In accepting LCWR's Outstanding Leadership Award, St. Joseph Sr. Elizabeth Johnson praised the sisters and urged them to stay the course.
Second Vatican Council
Bulletins from the Human Side: It might have been better if Cardinal Gerhard Müller had simply told LCWR, "We just don't like the way you decide things."
At their annual meeting, the Leadership Conference of Women Religious will discuss how they plan to react to continued charges of infidelity.
Simply Spirit: Amazingly, this document validates the not-infrequent experience of Catholics who find themselves unable to accept certain teachings.
In a previous blog, I noted a clear contradiction in the document " 'Sensus Fidei' in the Life of the Church" from the International Theological Commission. On the one hand, it was a marvelous endorsement of the sense of the faith, especially among the laity in history and theology.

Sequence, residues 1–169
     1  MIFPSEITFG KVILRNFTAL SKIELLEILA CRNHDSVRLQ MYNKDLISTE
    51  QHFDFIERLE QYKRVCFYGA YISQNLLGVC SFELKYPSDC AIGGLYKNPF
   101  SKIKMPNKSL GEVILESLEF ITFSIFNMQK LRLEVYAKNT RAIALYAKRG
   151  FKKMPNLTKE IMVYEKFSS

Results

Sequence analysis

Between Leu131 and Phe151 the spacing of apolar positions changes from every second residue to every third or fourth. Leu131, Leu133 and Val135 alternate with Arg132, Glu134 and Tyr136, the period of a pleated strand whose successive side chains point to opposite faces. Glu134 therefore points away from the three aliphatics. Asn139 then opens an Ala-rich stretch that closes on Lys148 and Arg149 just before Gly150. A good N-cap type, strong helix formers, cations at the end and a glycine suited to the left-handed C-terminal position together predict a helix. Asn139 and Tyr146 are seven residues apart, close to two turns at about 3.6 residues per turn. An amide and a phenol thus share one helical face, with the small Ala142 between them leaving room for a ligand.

When the document from the International Theological Commission was released in late June, it drew little buzz. Its authors -- from Canada, Britain, France, Poland, and other countries -- were unknown to me except for the one American on the panel, Sr. Sara Butler. She taught at Chicago's Mundelein Seminary for many years and is best known for her opposition to women's ordination.
Global Sisters Report: "A revolution has taken place in the Roman Catholic church's understanding of the Bible. As a result, the life and mission of the church have been transformed."
As the world's bishops prepare for the October synod, they face one question: How much should the experiences and opinions of lay Catholics influence their discussions?
Pope Francis is finding the that the stiffest resistance to his reform agenda is coming from his own backyard: the Italian hierarchy and their media camp followers.
If the discussions between the Vatican and the Leadership Conference of Women Religious are not to end in disaster, there must be concessions on one or both sides concerning the major issue that divides them. The bishops, following the Vatican line, contend they alone are the official teachers of church doctrine from which no one is allowed to dissent. But many Catholic theologians, including leading members of LCWR, argue that theology has a duty to explore doctrine in ways that may benefit official teaching in responding to new developments and discoveries.